Trading Spaces, B-School Edition
The stock market is making a comeback—look no further than your local B-school for proof, where campus trading rooms are becoming more popular than ever.
Trading rooms first appeared on college campuses 10 years ago, when MIT's Sloan School of Management opened its facility in early 1996. Another trading room opened at the University of Texas, Austin's McCombs School of Business just a few months later.
Since then, more than 60 business schools, both grad and undergrad, have built trading rooms. And according to the hardware and software vendors who outfit the labs, most of that growth has occurred within the past two years.
In truth, "trading room" is a misnomer. It's really little more than a standard computer lab gussied up with dual-screen monitors, financial software, and flashing stock tickers. The goal isn't to create a campus full of day traders, but rather, to house electronic sources of financial and investment data for simulations or research—no actual trading occurs.
Trading labs are used as classrooms for finance courses in investing or futures markets, a place where students can analyze real-time and historical financial data or use software to build and test investment portfolios. At many B-schools, the labs also serve as home base for the MBA program's student-run investment fund, as well as a facility for faculty research.
Besides their primary purpose—providing hands-on learning experiences for students—schools have seen that the trading rooms are useful marketing, development, and recruitment tools. As the cost of technologies such as LCD screens and personal computers has decreased, the overall cost of building a trading room has also gone down. That means trading rooms are proving to be increasingly cost-effective ways to recruit students and faculty, and to impress corporate visitors and alumni.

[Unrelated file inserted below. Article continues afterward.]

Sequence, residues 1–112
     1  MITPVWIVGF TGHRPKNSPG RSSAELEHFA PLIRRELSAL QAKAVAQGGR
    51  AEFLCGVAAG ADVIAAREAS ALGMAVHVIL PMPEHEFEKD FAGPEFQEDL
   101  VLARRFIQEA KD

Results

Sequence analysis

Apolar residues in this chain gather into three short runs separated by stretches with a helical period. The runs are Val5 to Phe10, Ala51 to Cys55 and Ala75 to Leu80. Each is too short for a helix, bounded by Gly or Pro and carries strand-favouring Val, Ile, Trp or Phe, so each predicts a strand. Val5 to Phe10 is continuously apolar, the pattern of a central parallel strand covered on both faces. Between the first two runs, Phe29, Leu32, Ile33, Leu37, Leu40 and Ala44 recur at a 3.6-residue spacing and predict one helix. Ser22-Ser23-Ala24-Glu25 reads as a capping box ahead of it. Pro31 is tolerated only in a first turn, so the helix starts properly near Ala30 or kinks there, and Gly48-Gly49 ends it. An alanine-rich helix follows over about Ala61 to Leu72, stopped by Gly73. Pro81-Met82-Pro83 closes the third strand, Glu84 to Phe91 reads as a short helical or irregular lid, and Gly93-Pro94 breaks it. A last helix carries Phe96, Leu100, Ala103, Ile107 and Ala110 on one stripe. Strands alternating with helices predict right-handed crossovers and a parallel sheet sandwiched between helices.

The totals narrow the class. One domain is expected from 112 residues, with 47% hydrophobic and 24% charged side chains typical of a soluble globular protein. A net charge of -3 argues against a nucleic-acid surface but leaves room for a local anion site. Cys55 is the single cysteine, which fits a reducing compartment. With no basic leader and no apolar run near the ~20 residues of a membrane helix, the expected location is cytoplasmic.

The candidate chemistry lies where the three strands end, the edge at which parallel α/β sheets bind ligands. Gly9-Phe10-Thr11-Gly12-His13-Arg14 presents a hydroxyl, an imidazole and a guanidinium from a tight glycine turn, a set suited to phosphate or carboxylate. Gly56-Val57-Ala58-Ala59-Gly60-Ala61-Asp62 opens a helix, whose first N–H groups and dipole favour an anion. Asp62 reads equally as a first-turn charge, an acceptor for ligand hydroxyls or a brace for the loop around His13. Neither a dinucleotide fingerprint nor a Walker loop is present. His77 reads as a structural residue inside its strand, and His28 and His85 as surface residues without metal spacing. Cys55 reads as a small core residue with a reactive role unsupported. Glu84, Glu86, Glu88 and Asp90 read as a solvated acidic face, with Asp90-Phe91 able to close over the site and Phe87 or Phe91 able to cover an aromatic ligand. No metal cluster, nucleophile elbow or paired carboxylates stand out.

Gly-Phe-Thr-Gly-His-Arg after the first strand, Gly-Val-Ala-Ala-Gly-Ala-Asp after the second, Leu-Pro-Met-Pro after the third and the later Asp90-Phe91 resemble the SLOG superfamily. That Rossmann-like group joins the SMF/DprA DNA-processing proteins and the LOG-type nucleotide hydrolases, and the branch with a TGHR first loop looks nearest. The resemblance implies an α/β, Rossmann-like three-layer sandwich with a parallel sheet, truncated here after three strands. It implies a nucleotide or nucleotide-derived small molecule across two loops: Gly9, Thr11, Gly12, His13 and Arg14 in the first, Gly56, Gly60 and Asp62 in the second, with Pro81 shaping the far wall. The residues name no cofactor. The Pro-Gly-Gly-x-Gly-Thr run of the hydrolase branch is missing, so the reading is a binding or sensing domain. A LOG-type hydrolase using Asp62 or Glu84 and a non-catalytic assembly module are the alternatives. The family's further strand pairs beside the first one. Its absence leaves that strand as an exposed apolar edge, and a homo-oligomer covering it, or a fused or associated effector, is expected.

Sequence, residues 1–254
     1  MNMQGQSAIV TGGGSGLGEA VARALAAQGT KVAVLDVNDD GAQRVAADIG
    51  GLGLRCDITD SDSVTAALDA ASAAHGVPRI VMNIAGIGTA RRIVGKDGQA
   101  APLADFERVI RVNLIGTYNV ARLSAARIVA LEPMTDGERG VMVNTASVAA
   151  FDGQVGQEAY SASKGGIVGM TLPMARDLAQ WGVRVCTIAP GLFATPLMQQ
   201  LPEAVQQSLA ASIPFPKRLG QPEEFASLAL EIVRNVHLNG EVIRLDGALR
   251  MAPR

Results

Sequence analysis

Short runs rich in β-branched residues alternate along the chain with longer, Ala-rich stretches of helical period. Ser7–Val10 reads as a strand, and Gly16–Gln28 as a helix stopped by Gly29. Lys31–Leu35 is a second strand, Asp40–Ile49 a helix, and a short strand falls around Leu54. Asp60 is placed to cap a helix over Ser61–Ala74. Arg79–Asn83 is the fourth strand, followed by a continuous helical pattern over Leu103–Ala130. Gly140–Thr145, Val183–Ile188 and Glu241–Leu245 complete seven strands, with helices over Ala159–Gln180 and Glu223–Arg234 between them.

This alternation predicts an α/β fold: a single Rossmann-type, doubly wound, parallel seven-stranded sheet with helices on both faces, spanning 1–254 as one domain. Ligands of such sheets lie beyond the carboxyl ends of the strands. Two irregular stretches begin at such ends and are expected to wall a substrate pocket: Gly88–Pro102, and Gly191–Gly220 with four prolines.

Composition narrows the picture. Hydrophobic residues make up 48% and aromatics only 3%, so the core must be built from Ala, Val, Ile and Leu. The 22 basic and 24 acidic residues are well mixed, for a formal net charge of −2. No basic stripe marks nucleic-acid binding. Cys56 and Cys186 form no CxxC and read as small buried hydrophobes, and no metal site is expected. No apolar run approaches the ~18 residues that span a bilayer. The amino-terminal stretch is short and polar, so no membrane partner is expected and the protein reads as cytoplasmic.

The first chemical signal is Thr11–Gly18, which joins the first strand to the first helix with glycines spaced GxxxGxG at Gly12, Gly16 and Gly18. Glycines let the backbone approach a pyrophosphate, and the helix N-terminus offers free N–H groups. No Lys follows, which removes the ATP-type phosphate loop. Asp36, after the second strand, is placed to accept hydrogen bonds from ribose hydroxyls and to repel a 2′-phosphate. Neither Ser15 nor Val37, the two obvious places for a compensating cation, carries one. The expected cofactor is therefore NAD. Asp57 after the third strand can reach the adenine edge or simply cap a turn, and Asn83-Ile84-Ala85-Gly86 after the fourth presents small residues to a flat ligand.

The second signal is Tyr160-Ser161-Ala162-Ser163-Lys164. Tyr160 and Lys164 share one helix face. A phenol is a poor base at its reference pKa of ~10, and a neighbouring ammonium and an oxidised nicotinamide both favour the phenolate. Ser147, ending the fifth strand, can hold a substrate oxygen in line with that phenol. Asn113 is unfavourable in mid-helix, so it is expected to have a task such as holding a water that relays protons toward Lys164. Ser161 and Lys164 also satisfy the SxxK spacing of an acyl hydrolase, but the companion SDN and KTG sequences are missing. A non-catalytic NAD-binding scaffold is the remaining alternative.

Several schools have also found other lucrative ways to open up their trading labs to the community. Bentley College, for one, uses its trading room to host a summer camp for high school students called Wall Street 101, introducing them not only to the exciting world of finance, but also to Bentley College. As Bentley can attest, a top-notch trading lab can also go a long way toward enhancing the reputation and prominence of a lesser-known business school.
The trading-room boom also reflects the strong job market in the finance world. Finance positions are the most in demand for 2006, according to the latest Graduate Management Admission Council's Corporate Recruiting Survey. Beverly Hadaway, director of the EDS Financial Trading and Technology Center at McCombs, says one of the original aims of the school's trading room was to attract the attention of Wall Street recruiters, an initiative which she says has been "highly successful."
Many schools are banking on trading labs to give their students a leg up in the job hunt, by allowing them to earn certifications in financial software, such as Bloomberg, or manage real money in a student-run investment fund. "When we graduate, companies want to know how you can contribute, what value you can add," says Bentley College junior Arman Salavitabar. The trading room gives you that value."
The financial simulation software developed for trading labs has also made it possible for B-school students to show off their trading skills at events such as the Rotman International Trading Competition at the University of Toronto's Rotman School of Management, where teams compete against each other on various case scenarios.
In one, students take on the roles of either analysts or traders, with the analysts forecasting the earnings per share for several fictitious companies and then broadcasting these forecasts to traders, who are responsible for managing a portfolio of those stocks as well as bonds.
Still, in these days of desktop access to financial information, the trading rooms may be on their way to the land of anachronisms. At Carnegie Mellon, one of the first schools to open a trading room, the trading room was dismantled after the school decided a physical space devoted just to trading was unnecessary once the school began requiring all students to own a laptop.